Although du Boulay’s discussion of different aspects of village life is too full to lend itself to summary, one nice example of how she thinks faith forms culture in the village may be useful. In a chapter on “Work and Bread” she examines in detail the hard labor of men (chiefly on the land) and women (chiefly in the house) that is needed to sustain life. That this labor is carried out under harsh conditions—that only in sweat of our brow do we eat bread—is to be expected in a world distorted by sin. Yet, even apart from any religious belief about the redemption or elevation of our work within the Body of Christ, du Boulay depicts villagers who have a certain conception of the nobility of their work—and, we might add, a theory of “alienated labor” that surely does not depend on having read Marx. They place a “persistent value” on growing their own wheat to make bread for their own homes. This is, in their view, better than “earning cash and buying bread,” which, though possible, would lose an essential link in “the many-stranded relationship between God, man, and the world.”
But, of course, there is more significance than just this to the work that eventually produces bread. In the Eucharist that bread becomes the body of Christ, which in turn is the one body of all who share in it. And in that feast the sheer labor of subsistence living is redeemed from dhouleia (work as slav-ery) and transfigured into leitourgia (the shared work that serves God). In the eucharistic lit-urgy the harsh labor of a world distorted by sin is taken up into the life of God and transformed into a feast of victory and reconciliation. Thus, the shared labor of village life, the sharing in the eucharistic meal, and that meal’s sharing with the host of heaven before God all come together in a way of life that unites the earthly and the cosmic in a culture shaped by faith.
Surely, there is much about the life of these Ambeli villagers that is attractive, even if few of us would survive for long the rigors of the world du Boulay depicts. To be located, to have a sense of place—and, especially, to have that sense in a place that unites earth and heaven in one cosmic vision that is liturgically enacted—must surely make life meaningful in ways hard to duplicate in other settings. No wonder Rousseau was given to rapture when describing the life of honest peasants, though he was less drawn to specifically religious beliefs. That we find this village life attractive does not mean we cannot understand why a younger generation, given alternatives, might decide to leave the village and take their chances with alienated labor elsewhere.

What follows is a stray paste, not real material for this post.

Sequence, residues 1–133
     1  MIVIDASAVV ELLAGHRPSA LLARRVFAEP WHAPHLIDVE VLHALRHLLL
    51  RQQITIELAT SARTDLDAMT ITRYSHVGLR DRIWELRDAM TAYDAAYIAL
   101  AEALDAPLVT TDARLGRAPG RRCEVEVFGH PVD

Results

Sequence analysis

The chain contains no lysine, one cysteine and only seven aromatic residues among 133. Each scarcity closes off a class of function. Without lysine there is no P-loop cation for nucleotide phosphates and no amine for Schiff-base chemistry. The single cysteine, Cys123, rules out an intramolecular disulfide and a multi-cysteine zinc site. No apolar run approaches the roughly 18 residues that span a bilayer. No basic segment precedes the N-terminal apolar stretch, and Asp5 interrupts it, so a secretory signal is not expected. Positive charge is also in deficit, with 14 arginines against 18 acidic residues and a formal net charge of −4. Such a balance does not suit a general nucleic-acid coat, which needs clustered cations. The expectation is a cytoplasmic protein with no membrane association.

It is worth noting what is missing in the life of the villagers, at least in du Boulay’s depiction. There is a great deal of shared liturgical life, but little high culture. There is a rich vision of humanity’s place in the cosmos, but not the sort of reflection upon it characteristic of those great Greeks, Socrates, Plato, and Aristotle. There is a sense of rootedness and meaningfulness, but relatively little freedom to strike out on new paths or alter radically one’s way of life. One man’s al-ienation is, after all, another man’s freedom.
One suspects, in fact, that the recent changes noted briefly by du Boulay in her introduction may rapidly undermine village life. The life of the people of Ambeli is shaped primarily by habit, “an undefined set of assumptions . . . which is accepted without reflection.” A life that is almost all habit is extraordinarily powerful and has remarkable staying power, but, if and when it falls apart, the collapse is likely to be quite sudden. The lure of freedom is matched only by its corrosive power.
There is much food for thought in the story du Boulay tells, but the moral of the story is not that we should try to recapture a life something like that of the village she depicts. Baking bread to bring and use in our eucharistic liturgies is not even a dim reflection of what it means for the villagers of Ambeli to do so. Rather than trying to recapture symbols now lost, we need to think as best we can about how to reclaim and reshape the life we actually have so that it too can become part of a single cosmic liturgy. For, of course, if faith does not form culture, then culture will inevitably form (and undermine) faith.
Gilbert Meilaender is the 2010–2011 Re-mick Fellow at the Notre Dame Center for Ethics and Culture.